Business risk management is essential for every business. being a key factor to its success. Market competition is at an all-time high. Therefore, it’s more crucial than ever to ensure a safe business plan that provides the highest possible profit.
While all businesses face risk, some can predict and control it, while others can’t.
It’s no secret that risk-taking is a major step towards success. As the saying goes: “Willingness to take risks is the path to success.”
However, uncalculated risk can have damaging consequences.
Therefore, to take those risks, you must have an idea of what they are and how to manage them. Reading this article from start to finish will give you an understanding of business risk management and its different types.
Table of Contents
The definition of Business Risk Management?
Business risk management is the process of identifying and assessing risks along with developing strategies to manage them. Means of measuring and assessing risk depend on the given profession, industry, or business model.
What Is a Risk Management Plan?
A risk management plan and a business impact analysis are fundamental elements of a business strategy. Identifying and understanding potential risks to your business will help provide recovery upon the occurrence of an incident.
Preparing a risk management plan is a common process. However, types of risk may differ according to the type of business. Risk management plans provide detailed methods for dealing with those risks.
What Is Enterprise Risk Management?
According to the Atlantic International University publication, the concept of “enterprise risk management” was created by risk management professionals. Its purpose was to implement prevention programs and risk awareness on a company-wide basis.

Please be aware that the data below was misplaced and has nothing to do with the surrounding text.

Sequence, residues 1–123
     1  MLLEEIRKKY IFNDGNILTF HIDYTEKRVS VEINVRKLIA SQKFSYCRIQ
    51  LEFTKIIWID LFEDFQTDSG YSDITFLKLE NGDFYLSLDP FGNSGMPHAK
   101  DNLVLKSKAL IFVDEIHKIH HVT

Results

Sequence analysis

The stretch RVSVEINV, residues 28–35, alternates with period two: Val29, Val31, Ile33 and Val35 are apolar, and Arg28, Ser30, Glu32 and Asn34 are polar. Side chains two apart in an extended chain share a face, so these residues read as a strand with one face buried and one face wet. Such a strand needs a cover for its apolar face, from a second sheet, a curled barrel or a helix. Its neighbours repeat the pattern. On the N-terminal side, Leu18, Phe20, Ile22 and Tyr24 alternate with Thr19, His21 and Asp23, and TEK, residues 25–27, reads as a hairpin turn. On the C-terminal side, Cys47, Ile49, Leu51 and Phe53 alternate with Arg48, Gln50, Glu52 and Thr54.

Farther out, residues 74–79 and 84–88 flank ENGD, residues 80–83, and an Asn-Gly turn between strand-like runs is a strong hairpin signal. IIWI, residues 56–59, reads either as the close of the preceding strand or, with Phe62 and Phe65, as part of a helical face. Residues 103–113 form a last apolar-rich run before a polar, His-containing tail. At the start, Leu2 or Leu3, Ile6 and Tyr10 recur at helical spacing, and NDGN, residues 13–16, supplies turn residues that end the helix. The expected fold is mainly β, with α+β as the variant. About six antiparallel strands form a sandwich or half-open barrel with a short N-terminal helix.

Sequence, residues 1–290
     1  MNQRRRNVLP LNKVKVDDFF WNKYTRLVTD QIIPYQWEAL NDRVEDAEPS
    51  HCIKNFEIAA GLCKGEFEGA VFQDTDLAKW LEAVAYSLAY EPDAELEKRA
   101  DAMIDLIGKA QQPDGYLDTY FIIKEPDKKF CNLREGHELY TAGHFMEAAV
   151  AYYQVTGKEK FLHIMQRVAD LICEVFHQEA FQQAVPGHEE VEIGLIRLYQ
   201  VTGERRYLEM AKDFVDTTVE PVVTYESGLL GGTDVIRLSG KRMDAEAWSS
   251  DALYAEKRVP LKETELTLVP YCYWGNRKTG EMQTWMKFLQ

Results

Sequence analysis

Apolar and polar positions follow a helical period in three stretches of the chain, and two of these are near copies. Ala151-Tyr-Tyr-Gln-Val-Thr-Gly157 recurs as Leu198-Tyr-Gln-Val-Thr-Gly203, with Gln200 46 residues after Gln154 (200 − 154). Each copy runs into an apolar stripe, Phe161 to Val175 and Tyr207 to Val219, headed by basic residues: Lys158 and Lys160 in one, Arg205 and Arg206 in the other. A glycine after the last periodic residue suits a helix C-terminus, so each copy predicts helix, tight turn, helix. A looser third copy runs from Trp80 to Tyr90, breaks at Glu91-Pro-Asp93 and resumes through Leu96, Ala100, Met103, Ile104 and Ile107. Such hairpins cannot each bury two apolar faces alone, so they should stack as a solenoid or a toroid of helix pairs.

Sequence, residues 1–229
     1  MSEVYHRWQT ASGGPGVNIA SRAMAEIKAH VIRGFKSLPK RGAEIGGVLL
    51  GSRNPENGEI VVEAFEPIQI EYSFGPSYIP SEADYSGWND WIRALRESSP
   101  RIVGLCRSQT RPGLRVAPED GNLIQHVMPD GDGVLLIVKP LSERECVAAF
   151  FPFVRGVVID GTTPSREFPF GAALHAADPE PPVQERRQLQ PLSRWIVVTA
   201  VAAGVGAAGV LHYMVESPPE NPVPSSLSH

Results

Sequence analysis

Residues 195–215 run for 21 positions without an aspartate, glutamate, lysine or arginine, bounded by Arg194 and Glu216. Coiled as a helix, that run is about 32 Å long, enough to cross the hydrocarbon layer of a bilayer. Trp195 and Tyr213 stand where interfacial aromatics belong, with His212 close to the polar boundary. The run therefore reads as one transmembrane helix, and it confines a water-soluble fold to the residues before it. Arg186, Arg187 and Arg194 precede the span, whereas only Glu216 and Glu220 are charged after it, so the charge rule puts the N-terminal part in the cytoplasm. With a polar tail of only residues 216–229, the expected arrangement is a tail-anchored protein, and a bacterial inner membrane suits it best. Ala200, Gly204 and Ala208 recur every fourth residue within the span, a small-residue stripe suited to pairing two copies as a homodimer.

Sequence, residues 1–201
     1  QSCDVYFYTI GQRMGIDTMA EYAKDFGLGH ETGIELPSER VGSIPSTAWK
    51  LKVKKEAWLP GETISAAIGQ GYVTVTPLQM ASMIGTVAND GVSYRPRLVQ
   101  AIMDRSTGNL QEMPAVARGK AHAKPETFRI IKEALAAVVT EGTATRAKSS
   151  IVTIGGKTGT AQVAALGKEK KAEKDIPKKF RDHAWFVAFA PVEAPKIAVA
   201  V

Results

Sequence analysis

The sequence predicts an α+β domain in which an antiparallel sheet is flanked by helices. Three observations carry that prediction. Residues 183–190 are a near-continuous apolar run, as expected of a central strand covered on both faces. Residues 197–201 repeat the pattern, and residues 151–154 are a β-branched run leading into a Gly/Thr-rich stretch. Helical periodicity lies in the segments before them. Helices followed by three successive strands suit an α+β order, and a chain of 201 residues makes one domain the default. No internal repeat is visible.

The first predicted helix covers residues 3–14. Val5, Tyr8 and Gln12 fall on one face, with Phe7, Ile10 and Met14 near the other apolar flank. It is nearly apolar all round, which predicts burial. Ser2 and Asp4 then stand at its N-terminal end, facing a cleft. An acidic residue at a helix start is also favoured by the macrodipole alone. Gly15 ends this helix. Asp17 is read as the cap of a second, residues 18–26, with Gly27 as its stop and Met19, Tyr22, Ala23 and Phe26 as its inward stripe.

Enterprise risk management seeks to control, identify and assess notably through insurance.
Enterprise risk management focuses on establishing a system of risk management throughout a company in order to handle the risks related to a rapidly changing business environment.
Typically, enterprise risk management includes the following elements:
- Include risk management into the values of the company.
- Support those values with actions.
- Run a risk analysis.
- Implement specific strategies to reduce risk.
- Develop monitoring systems to provide early warnings about potential risks.
- Perform periodic reviews of the program.
Types of Business Risk Management
We must study the different types of business risks and the ways of solving them in order to explain the concept and the importance of business risk management. In addition, we must look into business risk management models and analysis as well.
Specifically, we’ll be looking at the following kinds of risk:
Strategic risk is a source of loss that might arise from unsuccessful business planning. Hence, your company’s strategy becomes less effective and as a consequence, struggles to meet its goals.
A strategic risk could be a result of changes in customer demand, tough competition, or technological changes.
Xerox became famous for its development of laser printing which was a strategic risk to Xerox’s position. Indeed, it was able to change its business model and adapt to the new technology.
The company survived the strategic risk, and as a result, laser printing became a multi-billion-dollar business. Therefore, if it weren’t for the company’s clear understanding of business risk management, it wouldn’t have sold.
- Define business strategy and objectives: Companies use systems to carry out business plans. However, those systems sometimes fail to address and identify risk. Therefore, it’s extremely important for those systems to identify the business risks during the planning process.
- Construct key performance indicators (KPIs) for result measurement: Your company’s model can vastly improve by utilizing those KPIs. Therefore, overall sales aren’t as valuable as KPIs sales per customer which promotes the need for answers.
- Identify risks that can affect performance
- Construct key risk indicators (KRIs) and tolerance levels for critical risks: KRIs are intended to anticipate potential roadblocks. Meanwhile, tolerance levels serve as triggers for action.
- Monitoring and reporting: Companies have to monitor results and KRIs on a consistent basis in order to reduce risk to a minimum.
Managing company compliance to meet law regulations is known as compliance risk management. Certain regulators are known to be aggressive by both lessening compliance investigation timelines and charging higher fines.